The Trinity – A Christian Dilemma
J. Dan Gill
As we have seen, God’s people of old steadfastly held to the absolute singularity of God. For them, when speaking of God, one equaled one, and that one was their Father. However, post-biblical Christian theology saw a departure from that uncompromising monotheism. Binitarian and Trinitarian theologies proposed a different understanding of God. Binitarianism is the belief that two distinct persons are the one God. Trinitarianism is the belief that three persons are one God. In the new monotheism, the simplicity of the prophets was displaced by a complex view of Deity in which one God is two or three persons. Here, God’s own spirit is often worshiped as a separate person of Deity, and the LORD’s Messiah is honored not only as his greatest anointed king — but also as being God himself. Developed after the Bible was written, multi-person theologies proposed that two or three are the same Deity in terms of substance, yet different persons within that substance. Confusing to even think about, the terms of such formulas are found in post-biblical literature and church creeds but not in the Bible itself. Clearly, this new definition of monotheism would be inconceivable to the LORD’s prophets and his people of old. He told them that “he is God and there is no one else; he is God and there is no one like him” (Isa. 46:9). They believed him! Their faith began and ended on the point that their Father alone is God.
Over the centuries a poly-personal God has not held attraction for Orthodox Judaism. For the great majority of Jews, multi-person monotheism is an oxymoron. They have viewed it as syncretistic and a fatal compromise regarding the absolute sovereignty of the one who alone is God. Whether Hindu, post-biblical Christian, or other, all concepts of a multi-person monotheism have been rejected by faithful Jews.
Judaism remains a devoted guardian of original monotheism. Theirs is a pure, uncomplicated view of the singularity of God. Scholars of various backgrounds sometimes refer to the “strict” monotheism of the Jews. But what then is “un-strict” monotheism? Can it rightly be called monotheism at all? The Jewish objection is clear: Does not multi-person monotheism — at its core — represent a departure from the Hebrew Bible? Does it not introduce others to be worshiped as God through a sort of theological back door? Is it not an attack on the sole sovereignty of the Father?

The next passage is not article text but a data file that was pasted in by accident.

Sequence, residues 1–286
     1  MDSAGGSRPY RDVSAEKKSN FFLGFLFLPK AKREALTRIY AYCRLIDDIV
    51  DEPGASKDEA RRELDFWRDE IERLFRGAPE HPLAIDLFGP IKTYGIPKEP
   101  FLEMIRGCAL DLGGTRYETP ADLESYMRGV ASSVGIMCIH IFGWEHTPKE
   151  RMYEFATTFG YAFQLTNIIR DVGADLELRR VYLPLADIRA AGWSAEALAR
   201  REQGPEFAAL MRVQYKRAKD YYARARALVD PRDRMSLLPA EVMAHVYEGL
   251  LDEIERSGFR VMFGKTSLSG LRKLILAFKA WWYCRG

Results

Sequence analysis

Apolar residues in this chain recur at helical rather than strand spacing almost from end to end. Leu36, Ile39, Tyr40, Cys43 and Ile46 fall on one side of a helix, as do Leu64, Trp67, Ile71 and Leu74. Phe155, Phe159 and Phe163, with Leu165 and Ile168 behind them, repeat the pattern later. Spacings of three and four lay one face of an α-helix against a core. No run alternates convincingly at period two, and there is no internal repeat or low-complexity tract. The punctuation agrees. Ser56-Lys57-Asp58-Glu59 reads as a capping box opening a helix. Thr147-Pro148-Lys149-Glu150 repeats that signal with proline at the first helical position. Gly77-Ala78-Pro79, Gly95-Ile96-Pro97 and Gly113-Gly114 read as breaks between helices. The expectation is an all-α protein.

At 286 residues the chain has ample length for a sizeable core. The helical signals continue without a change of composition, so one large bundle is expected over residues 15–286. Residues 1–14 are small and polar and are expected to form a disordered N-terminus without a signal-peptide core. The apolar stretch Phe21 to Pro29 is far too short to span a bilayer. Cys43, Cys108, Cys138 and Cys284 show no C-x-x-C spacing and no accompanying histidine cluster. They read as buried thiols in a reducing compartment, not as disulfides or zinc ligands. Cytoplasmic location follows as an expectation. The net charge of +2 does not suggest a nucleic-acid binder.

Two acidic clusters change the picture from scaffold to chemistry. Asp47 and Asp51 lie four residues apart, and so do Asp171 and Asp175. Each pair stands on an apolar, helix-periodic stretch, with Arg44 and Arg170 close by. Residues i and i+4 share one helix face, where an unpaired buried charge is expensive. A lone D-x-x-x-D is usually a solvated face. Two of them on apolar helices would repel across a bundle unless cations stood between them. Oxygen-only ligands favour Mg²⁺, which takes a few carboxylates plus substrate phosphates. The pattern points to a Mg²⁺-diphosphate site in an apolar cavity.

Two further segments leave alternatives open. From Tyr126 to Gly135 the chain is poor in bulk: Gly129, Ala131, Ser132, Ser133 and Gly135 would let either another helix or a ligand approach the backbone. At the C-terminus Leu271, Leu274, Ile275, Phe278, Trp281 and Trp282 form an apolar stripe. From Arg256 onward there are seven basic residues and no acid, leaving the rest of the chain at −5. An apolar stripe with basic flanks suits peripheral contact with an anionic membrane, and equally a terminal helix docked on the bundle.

Christ and the earliest Christians were entirely devoted to absolute monotheism. Jesus and the apostles were all dedicated Jews. The New Testament was written by people who were strict monotheists. They all knew the Scriptures in which the Father had declared himself to be the only one who is God. Multi-person monotheism as a Christian concept developed in post-biblical times. In the second through the fifth centuries CE, Gentile Christians misinterpreted and re-interpreted the Bible in terms of multiple persons as one God. Today, many Trinitarian scholars acknowledge that the Trinity is a post-biblical concept. For example, Baptist scholar Roger Olson and Episcopalian theologian Christopher Hall candidly write:
The doctrine of the Trinity developed gradually after the completion of the New Testament in the heat of controversy… The full blown doctrine of the Trinity was spelled out in the fourth century at two great ecumenical (universal) councils: Nicaea (325 A.D.) and Constantinople (381 A.D.) … Both the practices and documents of the church finally led early Christian leaders to propose a trinitarian model of God, but the formation of this model took place over many years and in many contexts., 
Trinitarian scholar William C. Placher in his History of Christian Theology admits that the Cappadocians, who were central to the development of Trinitarian theory in the 4th century CE, “were deeply influenced by Platonic [Greek] philosophy” and that “modern theologians often have a tough time restating their theory of the Trinity in plausible form apart from those Platonic assumptions.”
There are those who place absolute confidence in post-biblical church councils and Christian tradition. For them, it is not disconcerting that the doctrine of the Trinity was developed by theologians in the centuries after the Bible was written. However, it should be alarming for those who see the Bible as the inspired and best source for all matters of faith to find leading Trinitarian scholars speaking of this doctrine as “developing gradually after the completion of the New Testament” under the sway of men who were “deeply influenced by Platonic philosophy.”